I recommend that you try various stirrups before you spend the money buying them so you can find what works and does not work for you.


Thank you for clarifying! I thought at one point there was a rule against non-traditional irons in the Eq.

I got the classics because they’re a little more traditional looking than the pros. They are definitely allowed in the hunters (A shows), but if you want to show in equitation you either need to switch to traditional stirrups or just buy the Free Jumps with the silver edge.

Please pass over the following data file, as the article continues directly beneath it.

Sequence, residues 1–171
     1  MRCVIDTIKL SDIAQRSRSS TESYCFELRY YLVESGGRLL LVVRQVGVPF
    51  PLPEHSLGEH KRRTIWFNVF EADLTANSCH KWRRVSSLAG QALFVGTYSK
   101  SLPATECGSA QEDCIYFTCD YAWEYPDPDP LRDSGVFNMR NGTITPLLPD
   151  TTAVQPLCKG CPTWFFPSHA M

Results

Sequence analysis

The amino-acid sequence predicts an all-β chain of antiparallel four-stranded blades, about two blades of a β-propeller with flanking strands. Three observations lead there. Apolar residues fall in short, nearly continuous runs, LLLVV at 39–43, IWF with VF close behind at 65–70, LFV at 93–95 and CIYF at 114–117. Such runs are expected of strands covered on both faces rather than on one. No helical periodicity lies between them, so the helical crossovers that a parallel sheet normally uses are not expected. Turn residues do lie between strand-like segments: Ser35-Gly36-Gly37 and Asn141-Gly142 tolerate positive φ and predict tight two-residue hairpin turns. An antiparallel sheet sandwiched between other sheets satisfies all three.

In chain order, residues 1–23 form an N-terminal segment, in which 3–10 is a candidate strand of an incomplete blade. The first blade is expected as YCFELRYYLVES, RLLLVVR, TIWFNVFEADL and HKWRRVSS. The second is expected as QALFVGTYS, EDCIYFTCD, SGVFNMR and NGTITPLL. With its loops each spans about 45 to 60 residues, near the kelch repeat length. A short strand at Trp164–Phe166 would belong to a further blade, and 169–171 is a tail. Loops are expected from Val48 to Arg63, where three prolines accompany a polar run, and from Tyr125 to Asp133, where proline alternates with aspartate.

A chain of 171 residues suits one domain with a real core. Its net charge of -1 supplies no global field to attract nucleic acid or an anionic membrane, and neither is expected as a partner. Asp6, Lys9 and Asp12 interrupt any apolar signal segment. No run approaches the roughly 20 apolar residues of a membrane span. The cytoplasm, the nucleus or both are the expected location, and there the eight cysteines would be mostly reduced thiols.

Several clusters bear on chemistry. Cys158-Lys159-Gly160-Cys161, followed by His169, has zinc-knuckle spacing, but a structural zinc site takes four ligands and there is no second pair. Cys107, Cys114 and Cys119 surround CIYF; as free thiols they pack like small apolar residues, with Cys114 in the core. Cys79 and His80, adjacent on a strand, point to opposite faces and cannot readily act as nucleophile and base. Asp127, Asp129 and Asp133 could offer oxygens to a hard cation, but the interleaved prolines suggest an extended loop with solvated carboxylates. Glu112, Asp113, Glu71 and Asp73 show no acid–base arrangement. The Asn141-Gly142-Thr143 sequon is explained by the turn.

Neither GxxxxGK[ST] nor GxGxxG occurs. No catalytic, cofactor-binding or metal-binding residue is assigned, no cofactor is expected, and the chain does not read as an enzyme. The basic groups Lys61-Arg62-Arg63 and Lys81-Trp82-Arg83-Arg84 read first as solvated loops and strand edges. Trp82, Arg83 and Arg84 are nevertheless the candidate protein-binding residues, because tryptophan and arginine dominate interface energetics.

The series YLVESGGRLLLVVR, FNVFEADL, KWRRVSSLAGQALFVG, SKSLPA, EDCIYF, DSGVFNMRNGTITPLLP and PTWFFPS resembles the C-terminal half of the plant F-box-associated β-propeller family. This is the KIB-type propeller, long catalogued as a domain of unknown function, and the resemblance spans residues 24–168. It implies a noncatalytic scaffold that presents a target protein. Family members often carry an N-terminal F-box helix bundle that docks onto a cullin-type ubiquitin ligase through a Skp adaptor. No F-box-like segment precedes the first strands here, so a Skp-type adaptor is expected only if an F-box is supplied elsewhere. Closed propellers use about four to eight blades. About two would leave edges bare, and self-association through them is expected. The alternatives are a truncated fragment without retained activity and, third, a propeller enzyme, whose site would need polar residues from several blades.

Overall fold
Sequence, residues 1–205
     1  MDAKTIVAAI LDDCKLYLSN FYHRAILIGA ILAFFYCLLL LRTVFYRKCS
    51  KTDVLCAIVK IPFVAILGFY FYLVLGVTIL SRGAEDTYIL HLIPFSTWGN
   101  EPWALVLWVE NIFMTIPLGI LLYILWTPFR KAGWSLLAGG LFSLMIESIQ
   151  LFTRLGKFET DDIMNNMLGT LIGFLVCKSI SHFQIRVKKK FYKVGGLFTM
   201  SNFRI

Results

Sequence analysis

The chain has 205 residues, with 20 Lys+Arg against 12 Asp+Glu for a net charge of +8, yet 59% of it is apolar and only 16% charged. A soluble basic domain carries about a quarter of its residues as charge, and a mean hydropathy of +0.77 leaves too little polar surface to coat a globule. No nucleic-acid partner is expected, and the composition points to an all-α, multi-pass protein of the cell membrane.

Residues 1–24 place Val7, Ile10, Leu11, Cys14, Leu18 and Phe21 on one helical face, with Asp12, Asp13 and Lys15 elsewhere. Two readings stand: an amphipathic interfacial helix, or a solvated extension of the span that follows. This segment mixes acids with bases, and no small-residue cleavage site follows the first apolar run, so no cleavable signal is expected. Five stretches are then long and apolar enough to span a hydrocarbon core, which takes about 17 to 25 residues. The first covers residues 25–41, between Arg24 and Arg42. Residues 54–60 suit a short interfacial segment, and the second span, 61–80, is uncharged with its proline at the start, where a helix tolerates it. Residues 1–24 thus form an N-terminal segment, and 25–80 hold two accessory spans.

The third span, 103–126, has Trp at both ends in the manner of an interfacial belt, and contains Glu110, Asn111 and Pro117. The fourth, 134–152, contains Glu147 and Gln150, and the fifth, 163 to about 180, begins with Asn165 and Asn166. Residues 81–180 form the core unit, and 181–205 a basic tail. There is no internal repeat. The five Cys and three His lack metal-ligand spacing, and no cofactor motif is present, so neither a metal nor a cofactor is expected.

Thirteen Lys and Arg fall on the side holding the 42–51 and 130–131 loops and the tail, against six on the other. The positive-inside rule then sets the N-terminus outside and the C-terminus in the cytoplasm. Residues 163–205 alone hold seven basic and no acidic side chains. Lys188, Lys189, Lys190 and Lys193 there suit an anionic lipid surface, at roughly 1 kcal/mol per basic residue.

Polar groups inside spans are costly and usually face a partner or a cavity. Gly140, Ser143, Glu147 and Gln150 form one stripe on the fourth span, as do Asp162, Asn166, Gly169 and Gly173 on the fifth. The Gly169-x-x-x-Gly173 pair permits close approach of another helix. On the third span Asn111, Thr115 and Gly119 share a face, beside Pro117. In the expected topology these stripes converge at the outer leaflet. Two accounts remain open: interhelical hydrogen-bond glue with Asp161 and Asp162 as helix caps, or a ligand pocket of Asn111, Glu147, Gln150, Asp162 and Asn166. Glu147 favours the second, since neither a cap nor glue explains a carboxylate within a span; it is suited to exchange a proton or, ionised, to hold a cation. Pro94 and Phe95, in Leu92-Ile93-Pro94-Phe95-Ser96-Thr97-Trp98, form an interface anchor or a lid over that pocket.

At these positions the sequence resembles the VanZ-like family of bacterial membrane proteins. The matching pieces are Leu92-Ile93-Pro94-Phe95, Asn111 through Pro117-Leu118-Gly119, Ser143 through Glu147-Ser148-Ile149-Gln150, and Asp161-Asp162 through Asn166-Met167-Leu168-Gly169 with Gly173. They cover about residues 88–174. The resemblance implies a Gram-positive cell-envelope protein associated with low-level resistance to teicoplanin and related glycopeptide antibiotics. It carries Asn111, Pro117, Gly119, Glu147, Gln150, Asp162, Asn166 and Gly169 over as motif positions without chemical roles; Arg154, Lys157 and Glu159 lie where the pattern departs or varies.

6.When showing in the Hunter/Jumping Seat Equitation section it is recommended that riders use traditional stainless steel stirrup irons that promote proper position of the foot in the iron as well as a correct leg position. It is further recommended that riders use stirrup irons that allow judges a clear and unobstructed view of the position of the foot in the stirrup. Judges may not eliminate a rider for using a particular style of stirrup iron. (Exception: see EQ101.4)

I guess I stand corrected! Every big eq kid I’ve seen switches to traditional stirrups for the eq. I suppose if you have a great foot position and want it to be judged correctly, I’d switch. Like I said, you can just purchase the silver free jumps and not worry.

I love my FreeJump Soft’Up Pros!